Tenn. Code Ann. § 39-12-101 (eff. 1990).
Subsection 102(a) of the Tennessee aggravated assault statute “is divisible into two
crimes: aggravated assault in violation of (a)(1),” which is intentional assault with aggravating
factors, and “aggravated assault in violation of (a)(2),” which is reckless assault with aggravating
factors. United States v. Perez-Silvan, 861 F.3d 935, 841 (9th Cir. 2017) (applying modified
categorical approach to defendant’s prior conviction for aggravated assault under Tennessee
statute). As noted, the Sixth Circuit has held that the reckless form of aggravated assault does
not qualify as a violent felony under the ACCA’s use-of-force clause, see McMurray, 653 F.3d at
375, whereas the intentional form does, see Braden, 817 F.3d at 933. The Court must therefore
apply the modified categorical approach to determine the crime to which Davis pleaded guilty.
See id. (“[T]he Tennessee aggravated assault statute . . . [Tennessee Code Annotated 39-13102][,] is a divisible statute, and therefore, the modified categorical approach is applicable.”).
The qualifying Shepard documents from Davis’s juvenile case submitted by the
government at sentencing are the juvenile petition and the judgment of delinquency, which also
contains Davis’s guilty plea.
The juvenile court petition dated October 26, 1995, states that Davis:
. . . stands accused of AGGRAVATED ASSAULT when on September 30, 1995,
he did hit one Brian Moore in the face around his mouth with a gun he held in his
hand. Said incident did occur on North Lafayette/West Cherry Street,
Brownsville, Haywood County, Tennessee.”
(Juv. Pet., 2241 Case, ECF No. 9-1 at 1.)
The one-page judgment is dated November 13, 1995, and is signed by the judge of the
juvenile court. (Id. at 2.) Davis is sentenced to a “[d]eterminate commitment until age 19.” (Id.)
The space below the judge’s signature is titled “Plea,” and reads “I, Brad Davis plead guilty to
the charge of AGGRAVATED ASSAULT.” (Id.) The plea is signed by Davis. Below the
defendant’s signature is a copy of a document titled “Juvenile Petition” with docket page and
book numbers, showing that Davis was charged with “AGGRAVATED ASSAULT” and that a
court date was set for November 13, 1995. Below that appears the “Waiver of Attorney,” which
was signed by the judge, Davis’s mother, and Davis. (Id.)5
The Shepard materials do not provide sufficient information for the Court to determine
“with certainty,” McMurray, 653 F.3d at 381, the variant of aggravated assault which was the
basis for Petitioner’s conviction. If the juvenile petition had “track[ed] the language” of a
statutory subsection, it might have shed light on the mens rea of the underlying assault or on the
particular variant of aggravated assault charged. White, 455 F. App’x at 653-54 (stating that
where, although juvenile petition contained factual allegations of both use of a gun and bodily
injury—i.e., defendant “hit [the victim] in the mouth with [a] gun and caused an injury requiring
stitches”—conviction was for intentional aggravated assault with a deadly weapon; petition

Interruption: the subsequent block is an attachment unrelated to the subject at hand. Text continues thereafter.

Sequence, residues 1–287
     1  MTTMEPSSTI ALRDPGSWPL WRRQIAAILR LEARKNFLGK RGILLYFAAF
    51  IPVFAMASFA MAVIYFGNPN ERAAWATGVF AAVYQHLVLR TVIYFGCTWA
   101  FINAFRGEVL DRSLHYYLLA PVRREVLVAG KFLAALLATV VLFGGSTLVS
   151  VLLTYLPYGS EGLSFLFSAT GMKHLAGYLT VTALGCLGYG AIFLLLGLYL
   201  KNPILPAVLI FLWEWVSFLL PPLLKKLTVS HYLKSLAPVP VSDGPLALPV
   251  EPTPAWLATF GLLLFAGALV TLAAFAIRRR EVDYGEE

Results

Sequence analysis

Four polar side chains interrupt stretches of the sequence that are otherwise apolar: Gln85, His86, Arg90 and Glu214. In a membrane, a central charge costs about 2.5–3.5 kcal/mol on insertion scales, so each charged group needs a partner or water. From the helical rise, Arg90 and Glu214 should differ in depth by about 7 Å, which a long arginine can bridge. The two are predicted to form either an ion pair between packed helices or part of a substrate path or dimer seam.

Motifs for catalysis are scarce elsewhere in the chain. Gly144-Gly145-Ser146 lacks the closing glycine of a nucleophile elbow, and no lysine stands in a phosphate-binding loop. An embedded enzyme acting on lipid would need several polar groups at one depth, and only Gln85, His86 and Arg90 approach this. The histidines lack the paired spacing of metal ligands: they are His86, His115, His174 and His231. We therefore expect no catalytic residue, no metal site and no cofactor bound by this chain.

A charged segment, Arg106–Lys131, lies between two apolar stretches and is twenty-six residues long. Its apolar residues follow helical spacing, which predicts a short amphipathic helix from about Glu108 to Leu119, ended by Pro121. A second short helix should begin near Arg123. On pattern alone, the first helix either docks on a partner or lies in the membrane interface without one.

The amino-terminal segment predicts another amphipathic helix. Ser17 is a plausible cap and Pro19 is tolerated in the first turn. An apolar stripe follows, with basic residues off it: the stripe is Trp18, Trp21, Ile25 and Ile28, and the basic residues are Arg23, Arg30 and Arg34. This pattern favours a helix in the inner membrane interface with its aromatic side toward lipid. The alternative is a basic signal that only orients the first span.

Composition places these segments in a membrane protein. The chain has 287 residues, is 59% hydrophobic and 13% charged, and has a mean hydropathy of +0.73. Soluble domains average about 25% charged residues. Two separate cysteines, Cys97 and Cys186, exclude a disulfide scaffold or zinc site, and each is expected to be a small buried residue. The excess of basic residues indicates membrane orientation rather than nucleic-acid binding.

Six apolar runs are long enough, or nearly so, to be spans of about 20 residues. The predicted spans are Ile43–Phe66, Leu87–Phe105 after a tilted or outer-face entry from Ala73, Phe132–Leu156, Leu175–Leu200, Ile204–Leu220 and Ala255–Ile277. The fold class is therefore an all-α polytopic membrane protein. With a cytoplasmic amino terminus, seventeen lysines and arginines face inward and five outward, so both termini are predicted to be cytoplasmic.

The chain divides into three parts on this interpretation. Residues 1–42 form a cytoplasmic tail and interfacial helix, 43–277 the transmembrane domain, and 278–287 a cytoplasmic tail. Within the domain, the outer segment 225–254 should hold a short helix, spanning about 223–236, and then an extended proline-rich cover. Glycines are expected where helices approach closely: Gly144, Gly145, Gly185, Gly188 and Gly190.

“track[ed] the [statutory] language” for intentional aggravated assault with a deadly weapon and
“clearly identifie[d] the gun as the reason for seeking an aggravated assault charge”). But the
petition here does not use statutory language, or even cite to the statute. In addition, because the
petition charges juvenile delinquency, it does not narrow the charge to intentional aggravated
assault by specifying whether the crime is a Class C or Class D felony. See Tenn. Code Ann. §
39-12-102 (eff. June 12, 1995) (stating that intentional aggravated assault is a Class C felony and
reckless aggravated assault is a Class D felony); United States v. Cooper, 739 F.3d 873, 881 (6th
Cir. 2014) (noting that although indictment mentioned all forms of mens rea, it narrowed the
conviction to intentional aggravated assault by charging “Class C felony”).
On direct appeal from his federal conviction, Davis argued, in part, that his juvenile
convictions do not qualify as predicate offenses under the ACCA because the juvenile court
documents do not show that he knowingly waived his right to an attorney. (See Appellant Br.,
United States v. Davis, Case No. 10-5438, ECF No. 30 at 2.) Because the Sixth Circuit held that
Petitioner’s evading arrest convictions were violent felonies, it declined to reach the waiver
issue. See Davis, 483 F. App’x at 999.
Despite the paucity of information in the Shepard documents, Respondent nevertheless
urges the Court to conclude that Petitioner pleaded guilty to the intentional version of aggravated
assault based on what the juvenile petition does not say: that the victim suffered bodily injury.
The government points out that reckless assault under § 39-13-101(a)(1), which is the basis for
aggravated reckless assault under § 39-13-102(a)(2), requires that the perpetrator have caused
“bodily injury.” (Reply, 2241 Case, ECF No. 15 at 13.) Respondent posits that, because Davis’s
plea was to a charge that does not mention bodily injury, his conviction was not for reckless
assault, and was thus for intentional or knowing aggravated assault. (Id.)
The government’s argument has some logical appeal, but must be rejected. The premise